When coding a program in Java, deciding on the language to use is only half the battle. The programmer must decide which IDE (or integrated development environment) works best for the job. The undertaking of large projects in Java requires the use of an IDE.
The right IDE can perform invaluable tasks like decompiling files. Usually, the IDE includes a code editor, a Java compiler (which is usually faster than the compiler included with Java), and a debugger. The popular comparison of “IntelliJ vs Eclipse” deserves a thorough discussion.
These tools are accessed through a Graphical User Interface (GUI) that helps coders finish tasks quickly and efficiently. A competent IDE will help a coder immensely when dealing with any programming challenges.
Two of the most well-known Java integrated development interfaces out on the market are Eclipse and IDEA. While the two IDEs couldn’t be more different in many respects, both development spaces have positive and negative attributes that affect a Java project developed within them.
This article will examine both IDEs in depth to consider which development space, IntelliJ vs Eclipse, is right for your project.
First, let’s examine Eclipse. Created back in 2001, Eclipse was one of the first IDEs developed in Java. This IDE is one of the most popular (if not the most popular) program for Java. Eclipse is open-source, which is great news for Java programmers on a budget.
At least to an extent, open-source software is generally free to all users. Even better, anyone with a computer and some expertise can create plug-ins or write code to implement new features or make the IDE run more efficiently.
In other words, while an “official” Eclipse update is released every June, programmers are continually writing plug-ins for the IDE. Considering all of that support, it’s highly unlikely that a bug or issue that a programmer has with Eclipse would be unsolved for long.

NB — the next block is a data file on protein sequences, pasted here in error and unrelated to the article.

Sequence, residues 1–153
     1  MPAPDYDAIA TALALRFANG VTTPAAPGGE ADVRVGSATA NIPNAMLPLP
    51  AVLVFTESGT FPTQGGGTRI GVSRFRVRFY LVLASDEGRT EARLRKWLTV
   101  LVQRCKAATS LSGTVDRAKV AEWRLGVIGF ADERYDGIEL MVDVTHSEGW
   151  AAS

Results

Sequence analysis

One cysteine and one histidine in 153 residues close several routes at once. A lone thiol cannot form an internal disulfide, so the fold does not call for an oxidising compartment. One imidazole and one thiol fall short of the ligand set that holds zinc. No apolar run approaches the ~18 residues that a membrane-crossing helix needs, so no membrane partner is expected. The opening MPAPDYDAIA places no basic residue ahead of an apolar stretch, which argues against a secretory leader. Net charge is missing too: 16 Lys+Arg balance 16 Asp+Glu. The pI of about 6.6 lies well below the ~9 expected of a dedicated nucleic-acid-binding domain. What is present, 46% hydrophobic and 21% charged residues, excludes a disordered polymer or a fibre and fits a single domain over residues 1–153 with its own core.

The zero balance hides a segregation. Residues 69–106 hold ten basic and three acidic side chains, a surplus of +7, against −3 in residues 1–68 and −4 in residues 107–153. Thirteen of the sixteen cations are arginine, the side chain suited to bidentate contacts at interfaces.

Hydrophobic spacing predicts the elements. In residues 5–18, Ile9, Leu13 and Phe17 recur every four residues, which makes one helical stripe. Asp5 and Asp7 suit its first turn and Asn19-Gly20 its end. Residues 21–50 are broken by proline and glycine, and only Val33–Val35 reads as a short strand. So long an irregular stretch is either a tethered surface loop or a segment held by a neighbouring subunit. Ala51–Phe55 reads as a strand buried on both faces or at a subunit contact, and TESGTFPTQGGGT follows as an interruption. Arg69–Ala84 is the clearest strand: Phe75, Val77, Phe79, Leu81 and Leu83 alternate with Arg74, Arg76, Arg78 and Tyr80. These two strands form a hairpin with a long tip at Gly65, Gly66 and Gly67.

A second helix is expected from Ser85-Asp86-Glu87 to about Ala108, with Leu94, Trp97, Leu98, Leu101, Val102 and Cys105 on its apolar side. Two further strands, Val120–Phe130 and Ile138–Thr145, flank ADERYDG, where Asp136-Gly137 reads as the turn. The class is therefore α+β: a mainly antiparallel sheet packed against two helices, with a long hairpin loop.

Eclipse has a number of other features that make it worth considering. For example, one helpful feature is “UI Monitoring.” How many times have programmers experienced a system slowdown or even a system hang when programming? With Eclipse, you can monitor just what process is causing the problem and can easily cancel it if necessary.
A new feature for this year’s Eclipse update is expanded Rust support, along with support for building Java 10 and Java EE 8 based applications out of the box. A multitude of improvements to themes have been included.
Eclipse has excellent Git support. Instead of having to drop to the command line in order to use Git Flow, you have access to all the features right from the Eclipse UI.
If you don’t know what Git is, you should. Git is the most popular version control software in the world. It was originally developed as version control for UNIX and has mushroomed into something bigger.
Git is easy to use, is lightweight, and basically ensures that every member of your team is on the same page. In short, it’s a good idea to use Git on a large project, and the fact that Eclipse is so compatible with it is wonderful.
Despite all the pros of the program, there are some issues with Eclipse that need to be taken into consideration. First of all, due to Eclipse’s architecture, it is usually slower and less responsive than other IDEs.
Eclipse compiles in the background while you’re working. This is great when it comes time to compile the program. The environment can seem sluggish while coding because of this. You should remember this lag when considering Inellij vs Eclipse.
These features are plug-ins and do not come pre-installed. You don’t need to install the plug-ins and have them take up memory if you have no intention of using them.
However, if you do choose to install the plug-ins, you have to be careful. Eclipse plug-ins can conflict with each other. If two plug-ins cause a significant conflict, the entire programming environment may freeze or crash.
Also, if the coder installs too many plug-ins, Eclipse can get bogged down and become practically unusable. Make sure to use plug-ins with prudence and restraint.
IDEA has few of the issues Eclipse does. Also developed in 2001, this IDE has been available for quite a while. Jetbrain, formerly known as IntelliJ, mainly developed IDEA as one company. However, Jetbrain has made a version of IDEA open-source, so that users can try it and alter it for free.